| Nov 10, 2011

Recycling rates average, cost through the roof in AH

Addington Highlands Council received a presentation by Cambium Environmental of Peterborough concerning their recycling program.

Dave Bucholtz from Cambium said that the diversion rate at Addington Highlands Landfill sites is a little better than average for its category at 22%, but that because of hauling costs the cost of recycling is about triple the average in its category.

All information used in the report came from 2009 data.

Each ton of recyclables cost $1,660 to dispose of in AH, as opposed to an average cost of $565 in its category (Addington Highlands is compared to rural municipalities in Southern Ontario that do not have curb-side pickup service). That amounts to an average cost of $99 per household for recycling in Addington Highlands.

A reasonable goal for the township, according to Bucholtz, would be to increase the recycling percentage to 25% by the end of 2013 while keeping the costs per tonnage flat, and not let them go up with the rate of inflation.

The Cambium report pointed to a significant potential increase in the number of tonnage of recycling. In 2009 there were 218 tons of material that was “available for diversion” and only 131 tons (60%) was diverted, leaving 86 tons (40%) as a potential increase in diverted material in future years.

Bucholtz recommended a few initiatives that are designed to improve the system.

“You have a very robust recycling program in Addington Highlands. A plan moving forward could include improved public education and training, and perhaps an enhancement of recycling centres,” he said.

Included in his recommendations are a $10,000 public education program, about $1,000 in training programs for staff, and $7,000 for enhancement of recycling depots.

There are opportunities for matching funding from Waste Diversion Ontario (WDO) for the initiatives that Bucholtz pointed to, just as 50% of the Cambium report itself was paid for by WDO.

“You talk about public education initiatives. I run across people all the time who say they do not understand how the program works. And this is after we have conducted education campaigns, on our website, in tax bills, at the sites themselves,” said Councilor Tony Fritsch, one of only two councilors attending this week's council meeting.

“We brought in the $2 bag and a rebate for every bag of recycling as an incentive to recycling, but Tony is right; there are people who do not want to know how recycling works,” said Reeve Henry Hogg.

Dave Bucholtz said that he hopes the report will be referred to and that a follow up report should be completed in about four years’ time.

One more request for free dumping – Andy Anderson appeared before Council requesting free dumping for the remains of a house once owned by Winnie Gutsell, which is now owned by Marie Jeffries. A part of the house was taken down, using funding provided by Lennox and Addington County, but the material is lying in a pile at the rear of the property, quite close to the Kaladar dump site. The new owner of the property asked for free dumping of the material and the township has offered $150 off of the dumping costs.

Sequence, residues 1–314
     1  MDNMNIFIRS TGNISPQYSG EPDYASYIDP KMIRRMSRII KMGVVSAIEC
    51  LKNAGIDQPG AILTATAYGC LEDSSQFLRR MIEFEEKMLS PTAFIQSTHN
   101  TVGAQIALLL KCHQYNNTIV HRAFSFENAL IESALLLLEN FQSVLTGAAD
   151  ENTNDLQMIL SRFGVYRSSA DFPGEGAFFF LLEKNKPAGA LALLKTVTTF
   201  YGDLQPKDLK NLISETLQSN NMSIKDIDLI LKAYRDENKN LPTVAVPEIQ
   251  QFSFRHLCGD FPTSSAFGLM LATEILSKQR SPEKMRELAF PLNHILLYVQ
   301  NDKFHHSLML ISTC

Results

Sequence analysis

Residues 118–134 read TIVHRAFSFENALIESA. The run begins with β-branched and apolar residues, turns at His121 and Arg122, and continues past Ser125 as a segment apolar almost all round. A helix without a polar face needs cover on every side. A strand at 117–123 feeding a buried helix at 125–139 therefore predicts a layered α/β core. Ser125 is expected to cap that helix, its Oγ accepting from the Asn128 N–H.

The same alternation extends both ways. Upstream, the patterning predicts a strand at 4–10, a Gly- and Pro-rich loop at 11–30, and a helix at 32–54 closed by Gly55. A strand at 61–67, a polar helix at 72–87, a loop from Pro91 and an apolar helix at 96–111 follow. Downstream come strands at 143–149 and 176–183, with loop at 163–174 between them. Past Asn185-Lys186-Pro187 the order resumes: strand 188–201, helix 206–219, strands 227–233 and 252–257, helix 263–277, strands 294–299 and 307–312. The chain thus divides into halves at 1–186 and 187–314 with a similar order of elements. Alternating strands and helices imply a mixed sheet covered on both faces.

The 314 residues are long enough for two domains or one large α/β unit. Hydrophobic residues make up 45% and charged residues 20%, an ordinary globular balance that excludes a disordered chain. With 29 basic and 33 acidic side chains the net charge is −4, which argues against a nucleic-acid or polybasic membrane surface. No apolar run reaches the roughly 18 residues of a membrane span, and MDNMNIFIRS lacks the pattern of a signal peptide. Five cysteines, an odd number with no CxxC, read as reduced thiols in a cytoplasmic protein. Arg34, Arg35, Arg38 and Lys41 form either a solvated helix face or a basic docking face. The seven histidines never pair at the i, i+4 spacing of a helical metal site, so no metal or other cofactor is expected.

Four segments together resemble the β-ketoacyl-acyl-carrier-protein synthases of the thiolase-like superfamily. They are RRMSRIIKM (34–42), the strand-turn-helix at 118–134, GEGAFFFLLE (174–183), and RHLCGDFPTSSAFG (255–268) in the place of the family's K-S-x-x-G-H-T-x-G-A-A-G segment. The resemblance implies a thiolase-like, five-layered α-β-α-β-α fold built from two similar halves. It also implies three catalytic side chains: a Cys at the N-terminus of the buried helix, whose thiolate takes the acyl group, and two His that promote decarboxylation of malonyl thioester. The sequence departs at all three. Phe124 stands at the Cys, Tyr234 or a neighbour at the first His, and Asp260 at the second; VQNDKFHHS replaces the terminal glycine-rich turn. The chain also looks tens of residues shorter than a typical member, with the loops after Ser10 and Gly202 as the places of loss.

“It would be better off for everyone if the township simply removed the material and was done with it,” Anderson said.

“We received a sarcastic letter in response to our offer of a $150 break, which is not the best way to make us want to sweeten the offer,” said Henry Hogg. “I ask you, was the material there when she bought the property?”

“That is very hard nosed,” said Anderson.

“Sometimes you have to be,” said Hogg.

“There are other property owners with material that has been acquired through peculiar circumstances who would appreciate waiving tipping fees,” said Deputy Mayor Bill Cox.

Henry Hogg said Council would consider the renewed request at their next meeting.

RFP rescinded: A request for proposal (RFP) concerning the preliminary design for a combined township office and fire hall on a lot on Hwy. 41 just south of Northbrook (next to Addison's Restaurant) was rescinded by Council. Potential bidders said the RFP was too vague. A new RFP will be released after Council meets for a special session next Tuesday, (November 15) at 9:00 in Flinton.

Denbigh Community Centre update -

Tony Fritsch presented an update into the ongoing renovations to the former Denbigh Schoolhouse as it transitions into a new life as a community centre.

Ninety-nine percent of the work has been completed on the clinic area for the Lakelands Family Health Team.

Work is proceeding on a number of other fronts, including the septic system, which needs to be altered to accommodate a parking lot, and the heating system.

It will cost $5,900 for a new controller, which is $1,400 over budget, but Fritsch assured council there are savings coming in on other items that will compensate.

A number of jobs will include a volunteer labour component, with savings being invested in other aspects of the project.

Council approved the $5,900 expenditure and received Fritsch's report for information.


Support local
independant journalism by becoming a patron of the Frontenac News.